Another day, another group trying to legalize marijuana in yet another state. Make that two groups, in two states.
Efforts are underway in both Missouri and Idaho to get cannabis initiatives on the ballot in 2012 and bring the legalization question directly to voters.
In Missouri, a group called Show Me Cannabis is set to start gathering signatures for a pair of pro-pot measures. The initiatives call for legalizing and regulating pot like alcohol, taxing marijuana sales and allowing patients under 21 to use cannabis for medical purposes with a doctor’s recommendation. It’s an interesting approach, given that groups in other states initially try to pass medical pot laws before attempting to legalize weed for recreational use. It’s also notable because Missouri has some of the strictest marijuana laws in the country. Supporters of the initiatives are most certainly swinging for the fences on this one.
Marijuana has been a hotbed issue in Missouri for a while now. Lawmakers have introduced some type of marijuana bill each of the past five years, to no avail. Most recently, the state Legislature brushed aside a medical marijuana bill that boasted nearly a dozen co-sponsors, adjourning for the year before taking up the issue.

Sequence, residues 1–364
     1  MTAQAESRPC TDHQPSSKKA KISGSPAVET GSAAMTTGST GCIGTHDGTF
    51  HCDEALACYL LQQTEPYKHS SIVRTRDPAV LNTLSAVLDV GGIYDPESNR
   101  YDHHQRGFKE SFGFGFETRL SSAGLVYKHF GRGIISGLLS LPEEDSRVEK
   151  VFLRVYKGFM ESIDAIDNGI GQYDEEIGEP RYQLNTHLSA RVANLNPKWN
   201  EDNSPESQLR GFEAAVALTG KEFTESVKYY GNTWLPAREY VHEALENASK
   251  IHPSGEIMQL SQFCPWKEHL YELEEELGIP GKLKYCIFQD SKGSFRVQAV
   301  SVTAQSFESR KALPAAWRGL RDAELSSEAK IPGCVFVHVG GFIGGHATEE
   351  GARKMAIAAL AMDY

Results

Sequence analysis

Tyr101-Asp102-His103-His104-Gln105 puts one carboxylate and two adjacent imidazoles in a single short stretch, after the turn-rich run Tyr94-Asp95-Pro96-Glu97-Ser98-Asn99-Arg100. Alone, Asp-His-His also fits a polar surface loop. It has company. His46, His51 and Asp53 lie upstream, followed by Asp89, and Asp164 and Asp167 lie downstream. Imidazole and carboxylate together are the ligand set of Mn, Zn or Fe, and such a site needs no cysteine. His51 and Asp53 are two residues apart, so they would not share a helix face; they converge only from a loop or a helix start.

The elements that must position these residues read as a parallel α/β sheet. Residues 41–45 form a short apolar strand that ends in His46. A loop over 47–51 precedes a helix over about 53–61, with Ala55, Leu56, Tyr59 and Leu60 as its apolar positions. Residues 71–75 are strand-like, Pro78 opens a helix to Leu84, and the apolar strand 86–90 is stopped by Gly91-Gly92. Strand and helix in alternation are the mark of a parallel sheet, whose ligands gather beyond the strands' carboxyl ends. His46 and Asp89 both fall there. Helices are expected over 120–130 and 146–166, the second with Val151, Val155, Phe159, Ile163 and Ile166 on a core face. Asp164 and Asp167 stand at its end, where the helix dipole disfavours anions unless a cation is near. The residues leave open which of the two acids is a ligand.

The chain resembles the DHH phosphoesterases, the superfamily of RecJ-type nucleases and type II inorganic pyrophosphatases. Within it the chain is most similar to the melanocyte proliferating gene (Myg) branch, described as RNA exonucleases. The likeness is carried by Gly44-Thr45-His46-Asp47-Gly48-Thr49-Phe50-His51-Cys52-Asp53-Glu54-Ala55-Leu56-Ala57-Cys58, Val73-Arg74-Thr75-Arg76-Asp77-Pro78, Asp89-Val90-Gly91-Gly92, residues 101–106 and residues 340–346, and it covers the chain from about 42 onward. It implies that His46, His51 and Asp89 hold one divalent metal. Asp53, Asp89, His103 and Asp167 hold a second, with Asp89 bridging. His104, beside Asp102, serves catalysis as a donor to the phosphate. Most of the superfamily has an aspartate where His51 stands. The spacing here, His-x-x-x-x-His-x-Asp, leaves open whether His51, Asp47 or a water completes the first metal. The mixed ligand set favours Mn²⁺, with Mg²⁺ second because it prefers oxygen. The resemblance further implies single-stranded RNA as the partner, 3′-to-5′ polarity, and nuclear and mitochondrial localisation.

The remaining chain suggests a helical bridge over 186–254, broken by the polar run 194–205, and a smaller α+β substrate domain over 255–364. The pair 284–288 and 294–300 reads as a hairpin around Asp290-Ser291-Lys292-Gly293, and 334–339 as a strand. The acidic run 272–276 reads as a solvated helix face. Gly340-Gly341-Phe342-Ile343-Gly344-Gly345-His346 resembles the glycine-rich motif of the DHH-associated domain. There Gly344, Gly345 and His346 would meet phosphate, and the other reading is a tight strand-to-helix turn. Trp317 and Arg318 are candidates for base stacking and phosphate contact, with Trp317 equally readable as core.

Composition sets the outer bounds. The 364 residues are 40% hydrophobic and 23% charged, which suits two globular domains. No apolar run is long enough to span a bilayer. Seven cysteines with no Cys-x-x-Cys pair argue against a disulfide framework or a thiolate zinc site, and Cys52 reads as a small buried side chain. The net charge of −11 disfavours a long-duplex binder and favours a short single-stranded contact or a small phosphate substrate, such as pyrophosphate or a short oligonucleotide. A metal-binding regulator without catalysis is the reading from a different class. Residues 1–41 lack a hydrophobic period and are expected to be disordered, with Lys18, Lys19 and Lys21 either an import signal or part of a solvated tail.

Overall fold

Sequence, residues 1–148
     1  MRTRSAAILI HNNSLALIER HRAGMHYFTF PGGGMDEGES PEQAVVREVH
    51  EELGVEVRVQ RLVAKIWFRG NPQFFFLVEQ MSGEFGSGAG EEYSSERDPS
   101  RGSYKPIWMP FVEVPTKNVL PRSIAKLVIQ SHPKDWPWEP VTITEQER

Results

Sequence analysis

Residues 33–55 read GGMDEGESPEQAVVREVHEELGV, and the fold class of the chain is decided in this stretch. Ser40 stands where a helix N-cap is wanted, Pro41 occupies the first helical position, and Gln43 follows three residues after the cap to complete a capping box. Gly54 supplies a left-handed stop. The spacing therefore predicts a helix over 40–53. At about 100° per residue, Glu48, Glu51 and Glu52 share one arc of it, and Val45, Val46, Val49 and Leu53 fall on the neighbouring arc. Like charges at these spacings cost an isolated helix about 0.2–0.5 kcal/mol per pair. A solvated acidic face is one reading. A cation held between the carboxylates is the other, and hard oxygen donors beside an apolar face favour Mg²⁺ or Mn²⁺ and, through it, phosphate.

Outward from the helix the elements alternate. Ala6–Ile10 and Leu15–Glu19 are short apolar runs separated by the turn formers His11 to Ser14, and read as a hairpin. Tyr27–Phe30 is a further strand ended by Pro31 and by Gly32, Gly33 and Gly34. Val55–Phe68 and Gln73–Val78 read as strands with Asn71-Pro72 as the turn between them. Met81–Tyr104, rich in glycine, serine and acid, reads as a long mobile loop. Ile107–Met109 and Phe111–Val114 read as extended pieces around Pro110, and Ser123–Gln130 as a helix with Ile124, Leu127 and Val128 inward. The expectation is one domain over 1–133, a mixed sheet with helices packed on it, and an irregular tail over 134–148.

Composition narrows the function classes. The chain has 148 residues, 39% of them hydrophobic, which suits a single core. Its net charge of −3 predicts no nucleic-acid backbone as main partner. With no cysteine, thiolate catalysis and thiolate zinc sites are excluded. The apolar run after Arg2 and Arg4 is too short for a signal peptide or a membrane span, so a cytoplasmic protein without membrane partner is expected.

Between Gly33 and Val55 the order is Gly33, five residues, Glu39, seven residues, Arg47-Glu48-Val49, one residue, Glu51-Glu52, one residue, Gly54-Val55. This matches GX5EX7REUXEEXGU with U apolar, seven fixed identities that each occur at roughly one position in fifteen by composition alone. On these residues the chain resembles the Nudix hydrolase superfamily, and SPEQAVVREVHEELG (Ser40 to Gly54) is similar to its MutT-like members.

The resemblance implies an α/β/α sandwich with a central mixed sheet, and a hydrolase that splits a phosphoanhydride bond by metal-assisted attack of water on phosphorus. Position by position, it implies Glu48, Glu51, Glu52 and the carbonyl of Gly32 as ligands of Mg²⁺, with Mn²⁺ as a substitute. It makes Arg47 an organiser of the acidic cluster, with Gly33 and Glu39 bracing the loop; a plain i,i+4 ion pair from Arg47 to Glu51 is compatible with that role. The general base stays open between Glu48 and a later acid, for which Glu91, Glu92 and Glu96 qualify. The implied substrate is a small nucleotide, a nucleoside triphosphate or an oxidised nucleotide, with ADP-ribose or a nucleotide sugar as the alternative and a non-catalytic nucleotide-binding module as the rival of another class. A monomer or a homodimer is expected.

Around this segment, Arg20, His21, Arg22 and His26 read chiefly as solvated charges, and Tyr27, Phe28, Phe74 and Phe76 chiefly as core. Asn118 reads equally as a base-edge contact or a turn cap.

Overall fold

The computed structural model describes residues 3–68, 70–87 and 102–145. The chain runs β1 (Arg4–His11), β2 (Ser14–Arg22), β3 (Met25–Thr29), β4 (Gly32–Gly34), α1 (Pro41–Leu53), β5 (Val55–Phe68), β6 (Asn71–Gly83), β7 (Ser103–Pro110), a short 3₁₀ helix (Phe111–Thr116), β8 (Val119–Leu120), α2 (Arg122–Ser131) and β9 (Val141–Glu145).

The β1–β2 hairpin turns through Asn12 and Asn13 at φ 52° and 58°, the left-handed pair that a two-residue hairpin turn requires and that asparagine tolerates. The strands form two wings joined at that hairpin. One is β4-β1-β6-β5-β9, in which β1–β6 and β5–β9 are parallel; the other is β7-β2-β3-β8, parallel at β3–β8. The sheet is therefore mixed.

In Idaho, a group of citizens are collecting signatures for an initiative that would pave the way for medical marijuana use by patients with debilitating conditions. The MMJ supporters, who are organized under an organization called Compassionate Idaho, say the law would offer an alternative for patients looking for an alternative to traditional prescription pain killers. It’s tough to say how this one will turn out. Idaho residents have mixed feelings about medical marijuana, with many supporting the idea of it but not exactly the sale and distribution of it.
Efforts are underway in nearly a dozen other states – including Colorado, Massachusetts, Ohio, Florida and California – to get marijuana measures on the ballot next year, with some seeking full legalization and others focusing on the use of pot for medical reasons.